Then came "Soundtrack to Your Escape," which seemed to try, at the same time, to fuse the sounds of the previous two albums and simplify the music even further. I initially gave it a decent review on a quick turnaround, but after listening to it for a week or two grew bored with it and now consider it by far the band's worst effort. Given only a couple of days to listen to "Come Clarity" before writing this review, I hope I don't make the same mistake here. I don't think I will.

My first impression of this album is pretty damned good. It retains a lot of the melodic elements that were found on "Reroute to Remain" and, at times, also dips back into the band's early sound that many fans long for. For those of you hoping for a return to the sound of "Jester Race" or "Whoracle," stop reading this review and move on. You won't get it here, and unless I miss my guess, you likely never will.

One thing's obvious about this album, from the switch to Ferret Music to the overall sound of the record, everything's been designed to open the band to a new and wider audience. There was a time in my life when I would have gotten mad and screamed, "you should make music for the love of it and not worry about the money." I'm older now and less idealistic. I've got no problem with them trying to make a couple of bucks, especially when the music isn't compromised, and here, I don't believe it is. While there are some commercial touches here and there, you're still not going to be hearing this on FM any time soon (and if you do, let me know because you've got a cool station and I'll take it into consideration if I ever think about relocating.)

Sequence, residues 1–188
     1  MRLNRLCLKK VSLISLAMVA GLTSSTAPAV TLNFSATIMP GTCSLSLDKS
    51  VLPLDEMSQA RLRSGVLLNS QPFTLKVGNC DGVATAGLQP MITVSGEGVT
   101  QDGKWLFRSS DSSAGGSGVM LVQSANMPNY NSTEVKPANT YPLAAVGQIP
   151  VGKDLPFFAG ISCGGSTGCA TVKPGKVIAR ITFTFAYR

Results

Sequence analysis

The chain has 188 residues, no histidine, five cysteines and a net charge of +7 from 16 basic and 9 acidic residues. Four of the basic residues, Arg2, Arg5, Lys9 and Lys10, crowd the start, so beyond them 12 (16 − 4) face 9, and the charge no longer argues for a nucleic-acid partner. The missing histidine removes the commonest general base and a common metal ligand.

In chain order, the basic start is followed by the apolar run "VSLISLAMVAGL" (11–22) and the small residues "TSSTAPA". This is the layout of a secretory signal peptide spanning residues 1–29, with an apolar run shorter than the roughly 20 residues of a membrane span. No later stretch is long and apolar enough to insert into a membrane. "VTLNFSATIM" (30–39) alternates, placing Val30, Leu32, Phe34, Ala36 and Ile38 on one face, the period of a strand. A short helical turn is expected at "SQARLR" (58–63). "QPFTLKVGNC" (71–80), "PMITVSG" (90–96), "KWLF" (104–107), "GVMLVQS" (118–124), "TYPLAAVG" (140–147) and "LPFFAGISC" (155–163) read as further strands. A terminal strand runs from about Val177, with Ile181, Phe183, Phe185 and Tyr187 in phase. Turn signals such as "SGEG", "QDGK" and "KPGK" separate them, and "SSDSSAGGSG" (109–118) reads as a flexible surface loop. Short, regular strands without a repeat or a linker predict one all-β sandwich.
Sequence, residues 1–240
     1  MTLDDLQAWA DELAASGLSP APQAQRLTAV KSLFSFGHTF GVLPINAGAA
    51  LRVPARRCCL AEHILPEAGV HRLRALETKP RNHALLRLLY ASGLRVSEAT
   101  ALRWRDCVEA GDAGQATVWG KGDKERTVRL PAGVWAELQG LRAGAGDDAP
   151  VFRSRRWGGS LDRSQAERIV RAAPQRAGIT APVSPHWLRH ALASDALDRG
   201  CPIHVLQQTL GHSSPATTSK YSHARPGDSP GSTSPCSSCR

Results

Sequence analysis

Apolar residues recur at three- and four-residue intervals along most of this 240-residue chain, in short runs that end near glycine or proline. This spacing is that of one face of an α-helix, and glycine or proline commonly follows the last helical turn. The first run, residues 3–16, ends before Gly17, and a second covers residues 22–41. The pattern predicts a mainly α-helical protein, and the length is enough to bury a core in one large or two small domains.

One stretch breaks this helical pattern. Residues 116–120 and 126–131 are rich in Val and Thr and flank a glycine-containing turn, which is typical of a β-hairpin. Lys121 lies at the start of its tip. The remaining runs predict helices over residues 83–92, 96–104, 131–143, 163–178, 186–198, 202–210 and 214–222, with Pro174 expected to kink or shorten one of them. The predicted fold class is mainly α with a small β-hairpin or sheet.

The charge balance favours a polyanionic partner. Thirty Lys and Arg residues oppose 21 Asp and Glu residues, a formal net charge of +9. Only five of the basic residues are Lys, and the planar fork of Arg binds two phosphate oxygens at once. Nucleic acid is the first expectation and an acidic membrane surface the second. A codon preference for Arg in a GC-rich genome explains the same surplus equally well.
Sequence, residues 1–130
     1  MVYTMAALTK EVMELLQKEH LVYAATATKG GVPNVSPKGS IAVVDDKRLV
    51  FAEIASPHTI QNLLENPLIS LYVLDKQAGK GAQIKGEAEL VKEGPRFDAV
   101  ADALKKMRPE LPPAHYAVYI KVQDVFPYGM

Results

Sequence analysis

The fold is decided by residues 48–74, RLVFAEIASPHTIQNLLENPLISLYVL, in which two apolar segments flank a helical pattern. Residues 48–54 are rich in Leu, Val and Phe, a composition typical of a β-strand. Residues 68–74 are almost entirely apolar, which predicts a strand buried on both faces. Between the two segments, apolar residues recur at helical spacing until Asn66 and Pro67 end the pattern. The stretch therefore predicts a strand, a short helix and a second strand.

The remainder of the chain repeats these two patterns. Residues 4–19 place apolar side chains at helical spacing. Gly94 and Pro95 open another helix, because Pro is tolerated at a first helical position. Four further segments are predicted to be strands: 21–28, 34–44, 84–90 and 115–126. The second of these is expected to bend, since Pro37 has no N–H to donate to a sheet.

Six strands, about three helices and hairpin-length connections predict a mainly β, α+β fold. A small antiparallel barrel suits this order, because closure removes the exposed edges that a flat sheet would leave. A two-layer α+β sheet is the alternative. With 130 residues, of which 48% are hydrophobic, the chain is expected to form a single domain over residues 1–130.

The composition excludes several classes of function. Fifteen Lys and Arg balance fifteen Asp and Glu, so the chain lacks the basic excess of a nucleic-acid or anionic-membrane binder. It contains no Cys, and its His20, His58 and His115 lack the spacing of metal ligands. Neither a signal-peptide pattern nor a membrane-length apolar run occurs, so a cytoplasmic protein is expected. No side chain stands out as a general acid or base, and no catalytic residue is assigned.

"Come Clarity" grabbed me with the head-bashing opening riff of "Take This Life," also the first single, and I immediately noticed the return of guitar solos to the album. That's something I sorely missed on the previous record. "Take This Life" is easily better than anything on "Soundtrack to Your Escape," and it's actually one of the weaker songs here. The following tracks, "Leeches" and "Reflect the Storm" are where you'll start hearing some of the older sound. In fact, to me, "Reflect the Storm" is, structurally, almost like a return to the old style, as is "Pacing Death's Trail." There are also a few shots for fans who liked the last two albums. "Crawl Through Knives," another of my favorites, features a heavy vibe from "Reroute to Remain."